Leicestershire, UK, 30-Jan-2017 — /EuropaWire/ — British artist Matthew Darbyshire is working alongside University Professor Daniel Watt, to launch a new arts exhibition based on Polish theatre marker Tadeusz Kantor.
For the exhibition, entitled ‘The Object is Alive’, Matthew has explored the extensive research conducted by Professor Watt from the School of the Arts, English and Drama on Kantor. He has been invited to Nottingham Castle Museum to create an exhibition.
In response to Kantor’s particular interest in the role and status of objects and how objects can be transformed from their standard forms of use, Matthew has re-imagined 14 objects and artefacts from across the Museum’s displays to articulate his similar interest in objects.
Matthew’s selections include an early 20th century Ghanaian wood carving, a Roman terracotta votive in the shape of a foot, an 18th century Nottingham salt-glazed bear jug and a World War One grenade from the Regimental museum.
The Object is Alive is the first in a series of upcoming exhibitions that actively explore the role of objects as discussed in Kantor’s writing and artistic outputs. It is part of a collaborative project with Loughborough University’s Radar programme.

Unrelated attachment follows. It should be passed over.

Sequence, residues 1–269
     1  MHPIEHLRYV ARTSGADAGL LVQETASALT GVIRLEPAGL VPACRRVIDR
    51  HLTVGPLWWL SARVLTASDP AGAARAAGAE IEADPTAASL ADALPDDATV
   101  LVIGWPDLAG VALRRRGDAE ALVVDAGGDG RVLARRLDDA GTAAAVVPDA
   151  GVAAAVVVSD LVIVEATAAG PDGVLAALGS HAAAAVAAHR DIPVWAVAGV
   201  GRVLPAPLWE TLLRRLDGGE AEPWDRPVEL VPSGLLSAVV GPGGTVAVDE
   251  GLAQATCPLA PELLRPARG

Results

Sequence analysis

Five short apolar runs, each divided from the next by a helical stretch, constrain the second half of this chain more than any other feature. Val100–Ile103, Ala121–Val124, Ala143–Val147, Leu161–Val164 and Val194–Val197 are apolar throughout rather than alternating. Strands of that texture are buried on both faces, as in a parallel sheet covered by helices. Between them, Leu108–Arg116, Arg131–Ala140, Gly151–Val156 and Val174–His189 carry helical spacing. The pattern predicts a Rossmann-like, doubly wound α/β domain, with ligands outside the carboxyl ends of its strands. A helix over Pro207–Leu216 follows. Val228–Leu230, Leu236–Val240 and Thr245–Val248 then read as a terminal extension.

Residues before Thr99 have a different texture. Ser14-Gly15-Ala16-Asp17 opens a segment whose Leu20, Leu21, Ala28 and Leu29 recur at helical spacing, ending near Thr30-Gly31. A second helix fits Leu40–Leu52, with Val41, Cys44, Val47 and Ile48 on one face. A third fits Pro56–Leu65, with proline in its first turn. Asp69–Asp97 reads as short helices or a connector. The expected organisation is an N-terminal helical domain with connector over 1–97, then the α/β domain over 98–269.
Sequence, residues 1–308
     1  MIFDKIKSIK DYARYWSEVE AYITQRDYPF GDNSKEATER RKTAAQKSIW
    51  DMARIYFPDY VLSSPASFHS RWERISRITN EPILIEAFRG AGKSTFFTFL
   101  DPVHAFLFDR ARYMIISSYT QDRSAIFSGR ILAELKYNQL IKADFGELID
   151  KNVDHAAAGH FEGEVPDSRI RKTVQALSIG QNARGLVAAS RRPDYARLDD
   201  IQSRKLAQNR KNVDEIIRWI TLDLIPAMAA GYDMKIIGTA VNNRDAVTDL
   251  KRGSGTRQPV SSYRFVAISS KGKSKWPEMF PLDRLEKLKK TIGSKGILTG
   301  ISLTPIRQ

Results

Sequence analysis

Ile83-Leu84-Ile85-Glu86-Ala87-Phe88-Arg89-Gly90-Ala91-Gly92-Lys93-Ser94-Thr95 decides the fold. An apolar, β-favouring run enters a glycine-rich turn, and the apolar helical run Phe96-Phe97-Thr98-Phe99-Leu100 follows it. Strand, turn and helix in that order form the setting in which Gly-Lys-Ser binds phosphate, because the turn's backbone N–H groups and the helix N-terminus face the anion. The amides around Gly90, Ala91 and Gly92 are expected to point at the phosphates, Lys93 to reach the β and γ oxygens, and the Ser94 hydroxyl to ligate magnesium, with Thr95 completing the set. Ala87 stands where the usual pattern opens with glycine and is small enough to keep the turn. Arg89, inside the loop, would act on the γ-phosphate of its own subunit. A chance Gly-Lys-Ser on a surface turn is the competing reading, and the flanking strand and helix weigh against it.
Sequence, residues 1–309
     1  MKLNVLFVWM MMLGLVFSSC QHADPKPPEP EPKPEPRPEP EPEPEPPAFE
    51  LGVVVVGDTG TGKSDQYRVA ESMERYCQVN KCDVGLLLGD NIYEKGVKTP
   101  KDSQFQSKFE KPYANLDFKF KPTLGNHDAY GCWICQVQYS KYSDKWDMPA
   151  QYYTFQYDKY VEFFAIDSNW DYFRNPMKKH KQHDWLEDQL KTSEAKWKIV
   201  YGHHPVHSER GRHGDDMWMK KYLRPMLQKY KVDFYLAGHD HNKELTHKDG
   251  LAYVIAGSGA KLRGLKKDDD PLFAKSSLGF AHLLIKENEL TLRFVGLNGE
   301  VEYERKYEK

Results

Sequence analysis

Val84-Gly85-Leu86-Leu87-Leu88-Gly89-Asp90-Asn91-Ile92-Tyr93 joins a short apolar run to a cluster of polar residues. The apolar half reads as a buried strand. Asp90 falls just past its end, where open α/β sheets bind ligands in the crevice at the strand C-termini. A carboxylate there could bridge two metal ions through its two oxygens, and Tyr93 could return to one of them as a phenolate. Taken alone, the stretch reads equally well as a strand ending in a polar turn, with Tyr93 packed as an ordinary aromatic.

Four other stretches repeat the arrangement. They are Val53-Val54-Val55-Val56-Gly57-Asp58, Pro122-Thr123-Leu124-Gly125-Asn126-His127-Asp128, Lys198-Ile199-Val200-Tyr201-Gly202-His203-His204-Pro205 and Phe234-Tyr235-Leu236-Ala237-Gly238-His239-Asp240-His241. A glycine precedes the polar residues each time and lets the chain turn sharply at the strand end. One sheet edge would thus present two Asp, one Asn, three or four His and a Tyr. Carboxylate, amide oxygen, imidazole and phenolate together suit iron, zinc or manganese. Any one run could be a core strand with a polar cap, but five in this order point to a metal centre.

Nick Slater, Director of Arts at the University, commented: “This is an exciting collaboration between Dr Dan Watt and three regional museums. The project will not only enable visitors to explore new work by an internationally recognised contemporary artist but also gain a knowledge of the work of Tadeusz Kantor, the focus of Dan’s research. I am very much looking forward to seeing Matthew Darbyshire’s response to items within the museum’s collection.”
The exhibition is running from 28 January – 14 May, with an exhibition preview taking place at Nottingham Castle Museum on the 27 January from 6 – 8pm. Everyone is welcome to attend. To book, please click here.
Following this, two other artists, Mike Cooter and Giles Round have been invited to develop new exhibitions utilising the collections of New Walk Museum and Derby Museum and Art Gallery. The project will also see a major symposium on Kantor being held at Loughborough University later this year.
SOURCE: Loughborough University